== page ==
Salovey said that the designation of “program” versus “department” was “not a status marker,” but rather just a descriptor for an interdisciplinary group of faculty members working together on similar topics.
“What’s really important is the issue of faculty being assigned to the program, whether they are shared with another department or program or dedicated to that program and that’s what this fundamentally is about,” Salovey said. “I know we’ll get that worked out.”
Salovey said that he thought the issues surrounding ER&M, including its current lack of dedicated faculty spots, had been “worked out” when he served as University provost from 2008 to 2013. He added that the money for faculty hirings in ER&M has been budgeted, citing the two appointments designated to professors Ana Ramos-Zayas and HoSang beginning in the 2017–2018 school year. Furthermore, according to Salovey, the program still has two more faculty spots it can fill. But the professors who withdrew from the program criticized this structure, since all professors associated with ER&M are required to have separate appointments in other University areas.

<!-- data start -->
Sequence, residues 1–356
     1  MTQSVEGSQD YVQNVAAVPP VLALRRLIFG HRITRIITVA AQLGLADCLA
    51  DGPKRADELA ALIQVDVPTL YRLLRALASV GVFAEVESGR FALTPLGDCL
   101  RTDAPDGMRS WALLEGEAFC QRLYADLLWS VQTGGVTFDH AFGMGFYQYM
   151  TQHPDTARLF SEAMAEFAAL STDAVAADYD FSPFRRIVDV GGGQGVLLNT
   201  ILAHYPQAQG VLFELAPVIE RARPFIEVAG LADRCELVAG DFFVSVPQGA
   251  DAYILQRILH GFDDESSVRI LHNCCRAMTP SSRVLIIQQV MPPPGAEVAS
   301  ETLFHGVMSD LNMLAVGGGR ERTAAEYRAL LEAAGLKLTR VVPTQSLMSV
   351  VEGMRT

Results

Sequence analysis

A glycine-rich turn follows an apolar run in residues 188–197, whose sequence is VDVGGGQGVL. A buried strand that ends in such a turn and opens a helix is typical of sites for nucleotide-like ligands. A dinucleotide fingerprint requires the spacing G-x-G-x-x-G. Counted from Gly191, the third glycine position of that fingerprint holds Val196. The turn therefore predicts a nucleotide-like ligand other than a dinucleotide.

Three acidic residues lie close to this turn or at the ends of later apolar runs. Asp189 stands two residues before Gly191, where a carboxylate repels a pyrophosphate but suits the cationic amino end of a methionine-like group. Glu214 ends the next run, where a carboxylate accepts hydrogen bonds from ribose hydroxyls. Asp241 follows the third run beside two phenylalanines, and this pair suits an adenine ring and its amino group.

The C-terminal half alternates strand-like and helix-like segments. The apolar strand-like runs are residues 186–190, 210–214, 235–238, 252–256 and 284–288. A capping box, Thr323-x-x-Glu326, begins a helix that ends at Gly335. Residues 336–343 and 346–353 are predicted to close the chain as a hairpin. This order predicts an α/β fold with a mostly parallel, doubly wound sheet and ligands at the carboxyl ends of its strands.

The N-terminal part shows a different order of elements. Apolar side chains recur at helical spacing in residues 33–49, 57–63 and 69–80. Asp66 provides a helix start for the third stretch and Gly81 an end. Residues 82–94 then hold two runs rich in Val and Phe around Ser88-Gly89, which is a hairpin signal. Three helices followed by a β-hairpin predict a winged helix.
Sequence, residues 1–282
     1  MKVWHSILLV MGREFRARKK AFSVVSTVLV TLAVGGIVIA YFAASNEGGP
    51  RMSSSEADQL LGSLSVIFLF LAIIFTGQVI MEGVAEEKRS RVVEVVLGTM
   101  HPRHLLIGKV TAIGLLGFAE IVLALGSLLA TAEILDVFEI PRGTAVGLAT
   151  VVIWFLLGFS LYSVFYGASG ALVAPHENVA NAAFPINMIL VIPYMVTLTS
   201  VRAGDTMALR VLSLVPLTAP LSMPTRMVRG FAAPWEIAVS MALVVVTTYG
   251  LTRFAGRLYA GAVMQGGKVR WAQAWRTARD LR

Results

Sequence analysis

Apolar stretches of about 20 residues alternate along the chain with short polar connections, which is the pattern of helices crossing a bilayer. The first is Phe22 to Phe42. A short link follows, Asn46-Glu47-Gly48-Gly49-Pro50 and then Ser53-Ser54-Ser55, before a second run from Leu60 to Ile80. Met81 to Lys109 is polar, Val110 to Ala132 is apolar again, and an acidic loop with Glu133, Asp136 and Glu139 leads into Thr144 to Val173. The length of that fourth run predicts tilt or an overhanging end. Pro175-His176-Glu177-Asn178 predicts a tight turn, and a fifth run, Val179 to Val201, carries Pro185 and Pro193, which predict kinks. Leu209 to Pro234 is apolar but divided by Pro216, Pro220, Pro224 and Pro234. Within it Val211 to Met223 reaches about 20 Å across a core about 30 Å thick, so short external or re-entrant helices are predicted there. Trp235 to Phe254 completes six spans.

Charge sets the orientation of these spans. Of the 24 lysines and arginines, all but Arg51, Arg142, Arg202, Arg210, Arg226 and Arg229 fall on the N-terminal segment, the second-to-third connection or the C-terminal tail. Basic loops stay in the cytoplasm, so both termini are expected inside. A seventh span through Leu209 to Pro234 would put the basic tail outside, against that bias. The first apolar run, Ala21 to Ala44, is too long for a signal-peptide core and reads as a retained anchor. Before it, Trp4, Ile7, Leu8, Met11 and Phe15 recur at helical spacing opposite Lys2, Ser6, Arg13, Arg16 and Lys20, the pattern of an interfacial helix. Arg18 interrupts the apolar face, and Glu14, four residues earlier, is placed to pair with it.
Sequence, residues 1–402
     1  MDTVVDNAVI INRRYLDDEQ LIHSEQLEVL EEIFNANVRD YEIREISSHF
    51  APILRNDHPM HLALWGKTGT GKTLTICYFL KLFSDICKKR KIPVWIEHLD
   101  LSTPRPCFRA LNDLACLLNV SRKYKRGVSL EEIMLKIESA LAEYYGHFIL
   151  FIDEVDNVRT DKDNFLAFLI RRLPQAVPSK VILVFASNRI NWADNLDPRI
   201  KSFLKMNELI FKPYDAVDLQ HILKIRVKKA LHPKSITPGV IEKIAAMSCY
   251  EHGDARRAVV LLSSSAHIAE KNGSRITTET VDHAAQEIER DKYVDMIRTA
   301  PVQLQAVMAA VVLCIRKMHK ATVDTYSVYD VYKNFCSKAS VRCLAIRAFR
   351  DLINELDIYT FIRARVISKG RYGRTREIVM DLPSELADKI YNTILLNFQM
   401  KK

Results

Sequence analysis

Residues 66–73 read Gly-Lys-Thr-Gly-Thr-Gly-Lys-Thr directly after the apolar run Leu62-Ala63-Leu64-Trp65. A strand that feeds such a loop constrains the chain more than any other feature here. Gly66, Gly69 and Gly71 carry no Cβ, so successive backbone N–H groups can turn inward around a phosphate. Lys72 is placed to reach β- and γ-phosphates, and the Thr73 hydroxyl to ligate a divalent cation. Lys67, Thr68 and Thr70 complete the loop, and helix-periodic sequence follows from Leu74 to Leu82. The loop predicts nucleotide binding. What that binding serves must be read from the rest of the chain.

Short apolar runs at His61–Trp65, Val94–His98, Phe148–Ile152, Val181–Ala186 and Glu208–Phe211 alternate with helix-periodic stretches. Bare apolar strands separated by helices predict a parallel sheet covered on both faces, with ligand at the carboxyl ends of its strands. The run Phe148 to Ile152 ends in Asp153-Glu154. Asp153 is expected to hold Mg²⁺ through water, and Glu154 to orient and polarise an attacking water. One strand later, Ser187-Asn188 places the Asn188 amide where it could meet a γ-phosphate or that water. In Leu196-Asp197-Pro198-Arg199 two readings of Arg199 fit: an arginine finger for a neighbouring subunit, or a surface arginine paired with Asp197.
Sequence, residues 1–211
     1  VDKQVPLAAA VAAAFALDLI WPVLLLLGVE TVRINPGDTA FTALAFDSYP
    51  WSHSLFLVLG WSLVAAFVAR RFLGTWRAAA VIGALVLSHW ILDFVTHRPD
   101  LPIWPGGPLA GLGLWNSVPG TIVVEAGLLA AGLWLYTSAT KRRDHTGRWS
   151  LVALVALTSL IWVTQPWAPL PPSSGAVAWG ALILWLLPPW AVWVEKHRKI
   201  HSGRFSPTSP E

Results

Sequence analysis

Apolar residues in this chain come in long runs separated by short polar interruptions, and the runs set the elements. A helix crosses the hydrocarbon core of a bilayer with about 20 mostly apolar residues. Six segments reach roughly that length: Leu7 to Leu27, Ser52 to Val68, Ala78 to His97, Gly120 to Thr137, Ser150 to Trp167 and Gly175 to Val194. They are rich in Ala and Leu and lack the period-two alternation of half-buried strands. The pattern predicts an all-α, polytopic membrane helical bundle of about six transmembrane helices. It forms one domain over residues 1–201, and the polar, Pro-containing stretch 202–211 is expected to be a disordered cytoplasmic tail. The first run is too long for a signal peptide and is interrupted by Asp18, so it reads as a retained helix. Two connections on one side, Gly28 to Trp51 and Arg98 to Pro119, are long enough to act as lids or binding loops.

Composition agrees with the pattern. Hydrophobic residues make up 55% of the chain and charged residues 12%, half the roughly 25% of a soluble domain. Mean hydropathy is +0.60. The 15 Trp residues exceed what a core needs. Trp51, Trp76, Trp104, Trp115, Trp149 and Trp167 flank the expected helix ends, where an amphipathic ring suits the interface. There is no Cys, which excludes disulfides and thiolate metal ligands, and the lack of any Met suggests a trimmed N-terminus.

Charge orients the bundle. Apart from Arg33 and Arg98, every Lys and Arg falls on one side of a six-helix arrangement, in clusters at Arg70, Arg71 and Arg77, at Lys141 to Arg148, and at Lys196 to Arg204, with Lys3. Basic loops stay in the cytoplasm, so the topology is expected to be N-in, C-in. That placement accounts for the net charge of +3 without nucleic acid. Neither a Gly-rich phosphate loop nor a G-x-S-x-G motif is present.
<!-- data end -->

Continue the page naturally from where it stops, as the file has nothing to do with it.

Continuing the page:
According to Rita Wang ’19, a student organizer for the Coalition for Ethnic Studies at Yale, the coalition had begun planning for the protest earlier this semester. She said that the group wanted the Asian American student community to express solidarity with ethnic studies.
“I felt very empowered by how much the community pulled together in that one critical moment,” Wang said.
The topic of student activism was also raised at the “50 Years of Organizing for Ethnic Studies” panel Saturday afternoon. Though conference organizers initially planned to hold three separate but concurrent panels on varying topics during the ethnic studies panel’s time slot, they chose to merge the panels into one event “given the recent energy around Ethnic Studies,” as Janis Jin ’20 said at the event. The panel featured faculty members currently and formerly associated with ER&M — Quan Tran, HoSang, Gary Okihiro and Inderpal Grewal — as well as current ER&M majors Gabriella Blatt ’21 and Emily Almendarez ’20 and Yuni Chang ’18, an ER&M major who was involved with Next Yale’s organizing efforts in 2015.